What measures can be taken to help climate change mitigation?
Responding to climate change involves two possible approaches: reducing and stabilizing the levels of heat-trapping greenhouse gases in the atmosphere (i.e., mitigation) and/or adapting to the climate change already in the pipeline (i.e., adaptation).
The first approach, emission-reducing measures from sources, includes improving energy efficiency to reduce the fuel needed to produce a given output, and replacing fossil fuel sources (oil, gas, coal) with renewable energy alternatives (such as wind, solar, and hydropower).
In recent years, the cost of wind and solar electricity generation has rapidly reduced, making these often the cheapest source of electricity generation where the wind speeds or insolation levels are suitable.
The next major mitigation challenge is the decarbonization of heat and transport, with electrification and hydrogen presenting alternatives to fossil fuels. Embedding storage in distribution networks and at end-use increases the utility of these low carbon transition routes, while reducing the impact of offshore wind intermittency.
The second approach to mitigate climate change is to increase the effectiveness of sinks. Popular measures include tree planting, increasing vegetation cover, and improving soil absorption of CO2. Reversing the degradation of sinks—for example, through acting to reduce deforestation—is also crucially important, both for mitigation and for biodiversity conservation.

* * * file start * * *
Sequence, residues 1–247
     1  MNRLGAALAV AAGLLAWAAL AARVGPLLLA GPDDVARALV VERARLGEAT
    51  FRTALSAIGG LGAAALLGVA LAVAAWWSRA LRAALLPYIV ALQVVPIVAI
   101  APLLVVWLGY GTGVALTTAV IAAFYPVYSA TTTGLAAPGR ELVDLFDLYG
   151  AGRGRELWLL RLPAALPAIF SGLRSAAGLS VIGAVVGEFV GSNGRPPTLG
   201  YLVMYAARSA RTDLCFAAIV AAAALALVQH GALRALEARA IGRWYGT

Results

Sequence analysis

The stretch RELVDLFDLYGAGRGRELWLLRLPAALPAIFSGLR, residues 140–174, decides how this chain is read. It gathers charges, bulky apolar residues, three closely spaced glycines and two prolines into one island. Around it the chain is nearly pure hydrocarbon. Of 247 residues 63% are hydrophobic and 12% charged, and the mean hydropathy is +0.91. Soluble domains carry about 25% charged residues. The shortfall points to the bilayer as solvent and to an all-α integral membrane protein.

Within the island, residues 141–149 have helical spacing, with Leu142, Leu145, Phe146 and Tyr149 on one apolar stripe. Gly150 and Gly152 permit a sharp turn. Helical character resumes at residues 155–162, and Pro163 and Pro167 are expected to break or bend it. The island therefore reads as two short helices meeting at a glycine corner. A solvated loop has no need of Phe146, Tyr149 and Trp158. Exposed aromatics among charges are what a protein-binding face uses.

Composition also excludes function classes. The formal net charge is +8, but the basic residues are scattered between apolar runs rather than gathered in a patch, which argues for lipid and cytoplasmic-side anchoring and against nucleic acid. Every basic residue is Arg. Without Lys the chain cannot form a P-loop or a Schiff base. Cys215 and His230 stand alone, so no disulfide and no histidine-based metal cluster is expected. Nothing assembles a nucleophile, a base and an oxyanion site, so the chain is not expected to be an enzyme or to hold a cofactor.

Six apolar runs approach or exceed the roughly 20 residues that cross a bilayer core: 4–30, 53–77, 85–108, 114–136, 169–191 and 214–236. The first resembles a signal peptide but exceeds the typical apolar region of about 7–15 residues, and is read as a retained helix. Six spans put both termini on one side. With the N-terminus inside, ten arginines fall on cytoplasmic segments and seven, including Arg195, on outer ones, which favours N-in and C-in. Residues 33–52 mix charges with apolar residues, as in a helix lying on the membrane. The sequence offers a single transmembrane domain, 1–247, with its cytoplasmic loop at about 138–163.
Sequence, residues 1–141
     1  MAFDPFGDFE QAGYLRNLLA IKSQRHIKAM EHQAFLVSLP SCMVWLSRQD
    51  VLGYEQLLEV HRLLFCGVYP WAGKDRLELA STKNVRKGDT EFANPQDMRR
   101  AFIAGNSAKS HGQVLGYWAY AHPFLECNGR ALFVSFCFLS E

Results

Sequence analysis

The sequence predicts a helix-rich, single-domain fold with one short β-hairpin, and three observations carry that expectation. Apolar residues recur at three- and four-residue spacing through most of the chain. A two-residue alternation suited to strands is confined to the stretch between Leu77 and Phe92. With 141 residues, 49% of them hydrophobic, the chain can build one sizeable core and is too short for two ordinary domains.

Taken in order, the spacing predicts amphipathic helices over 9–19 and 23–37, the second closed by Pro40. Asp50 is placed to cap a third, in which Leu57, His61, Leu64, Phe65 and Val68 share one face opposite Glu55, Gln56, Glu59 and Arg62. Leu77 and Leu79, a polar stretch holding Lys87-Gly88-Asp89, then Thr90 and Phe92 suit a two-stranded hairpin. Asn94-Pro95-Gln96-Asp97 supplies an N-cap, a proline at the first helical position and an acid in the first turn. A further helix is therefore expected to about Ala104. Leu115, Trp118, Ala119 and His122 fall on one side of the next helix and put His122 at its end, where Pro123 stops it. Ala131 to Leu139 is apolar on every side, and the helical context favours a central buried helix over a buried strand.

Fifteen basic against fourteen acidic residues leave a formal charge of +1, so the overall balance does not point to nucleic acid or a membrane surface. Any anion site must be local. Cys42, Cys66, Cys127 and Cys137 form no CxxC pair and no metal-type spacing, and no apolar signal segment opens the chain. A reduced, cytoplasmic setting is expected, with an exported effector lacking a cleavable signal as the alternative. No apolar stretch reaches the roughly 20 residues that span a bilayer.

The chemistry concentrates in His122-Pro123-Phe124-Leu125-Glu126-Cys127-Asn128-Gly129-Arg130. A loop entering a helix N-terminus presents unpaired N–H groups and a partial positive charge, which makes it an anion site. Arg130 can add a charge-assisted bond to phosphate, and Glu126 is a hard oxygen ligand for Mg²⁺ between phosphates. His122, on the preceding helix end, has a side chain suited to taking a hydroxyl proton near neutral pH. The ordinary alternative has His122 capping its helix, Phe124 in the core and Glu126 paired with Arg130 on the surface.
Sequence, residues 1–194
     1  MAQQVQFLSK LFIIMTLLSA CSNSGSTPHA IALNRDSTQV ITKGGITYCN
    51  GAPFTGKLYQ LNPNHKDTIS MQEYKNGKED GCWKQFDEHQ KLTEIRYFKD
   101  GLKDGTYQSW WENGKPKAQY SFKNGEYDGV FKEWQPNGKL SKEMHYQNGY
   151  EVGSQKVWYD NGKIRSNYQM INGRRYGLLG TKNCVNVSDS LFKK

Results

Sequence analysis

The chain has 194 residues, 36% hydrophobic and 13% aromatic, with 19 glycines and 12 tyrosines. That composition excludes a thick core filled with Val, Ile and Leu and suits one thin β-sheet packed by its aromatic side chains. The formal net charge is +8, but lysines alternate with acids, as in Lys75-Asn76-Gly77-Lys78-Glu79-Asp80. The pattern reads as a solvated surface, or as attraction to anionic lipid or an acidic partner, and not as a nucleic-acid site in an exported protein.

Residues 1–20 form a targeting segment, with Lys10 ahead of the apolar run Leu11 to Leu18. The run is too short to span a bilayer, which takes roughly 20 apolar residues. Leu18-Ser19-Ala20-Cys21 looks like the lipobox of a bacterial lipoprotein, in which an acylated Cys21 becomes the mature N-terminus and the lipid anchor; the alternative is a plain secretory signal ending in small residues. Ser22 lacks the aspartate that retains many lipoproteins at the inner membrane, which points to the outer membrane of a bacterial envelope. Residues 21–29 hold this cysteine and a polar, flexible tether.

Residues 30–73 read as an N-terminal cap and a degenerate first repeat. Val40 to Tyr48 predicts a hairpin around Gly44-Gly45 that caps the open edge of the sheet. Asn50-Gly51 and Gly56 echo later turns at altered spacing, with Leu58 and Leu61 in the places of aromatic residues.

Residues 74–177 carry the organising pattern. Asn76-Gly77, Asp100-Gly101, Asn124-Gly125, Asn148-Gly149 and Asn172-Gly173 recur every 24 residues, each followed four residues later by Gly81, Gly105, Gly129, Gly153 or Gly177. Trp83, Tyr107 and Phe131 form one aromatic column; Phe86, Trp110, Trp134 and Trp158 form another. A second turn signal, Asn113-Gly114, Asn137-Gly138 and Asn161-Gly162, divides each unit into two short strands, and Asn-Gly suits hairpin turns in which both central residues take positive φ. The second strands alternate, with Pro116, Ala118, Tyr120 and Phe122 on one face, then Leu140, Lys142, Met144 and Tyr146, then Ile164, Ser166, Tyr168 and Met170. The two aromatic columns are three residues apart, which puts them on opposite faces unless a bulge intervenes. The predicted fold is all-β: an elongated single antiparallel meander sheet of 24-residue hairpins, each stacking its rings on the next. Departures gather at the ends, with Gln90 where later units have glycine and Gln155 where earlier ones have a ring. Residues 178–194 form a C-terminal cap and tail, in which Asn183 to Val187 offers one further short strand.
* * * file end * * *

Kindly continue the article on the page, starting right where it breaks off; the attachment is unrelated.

Technologies such as Carbon Capture, Utilization, and Storage (CCUS) are also being deployed at pilot scale, including direct capture of CO2 from the atmosphere for conversion and storage in geological formations, or for use in the production of fuels, chemicals, building materials, and other products containing CO2. Such technologies involve large investments in demonstration projects to realize their potential.
What measures can be taken to increase adaptation?
Essentially, climate change adaptation aims to manage climate risk to an acceptable level, taking advantage of any positive opportunities that may arise. These measures can be very wide-ranging, depending on the specific risks. When faced with sea-level rise, for example, it might be necessary to relocate sensitive structures to higher ground and/or discontinue threatened activities.
Flood defenses such as barriers or flood plains may be needed to protect property. Or possibly, different crops need to be grown that can build a resilience to droughts or floods, and some agricultural activities might need to be relocated or discontinued. Health impacts can also arise from heatwaves and changes in disease spread with higher temperatures. Adaptation measures are often complex, involving physical, social, and institutional changes to reduce exposure to risks and/or offset losses through insurance.